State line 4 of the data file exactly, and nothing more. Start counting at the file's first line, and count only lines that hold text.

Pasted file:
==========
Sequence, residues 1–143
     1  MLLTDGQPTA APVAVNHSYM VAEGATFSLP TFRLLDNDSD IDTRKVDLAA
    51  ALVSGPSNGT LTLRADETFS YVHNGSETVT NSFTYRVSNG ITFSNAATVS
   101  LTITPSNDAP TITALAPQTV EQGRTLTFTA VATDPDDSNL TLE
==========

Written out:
   101  LTITPSNDAP TITALAPQTV EQGRTLTFTA VATDPDDSNL TLE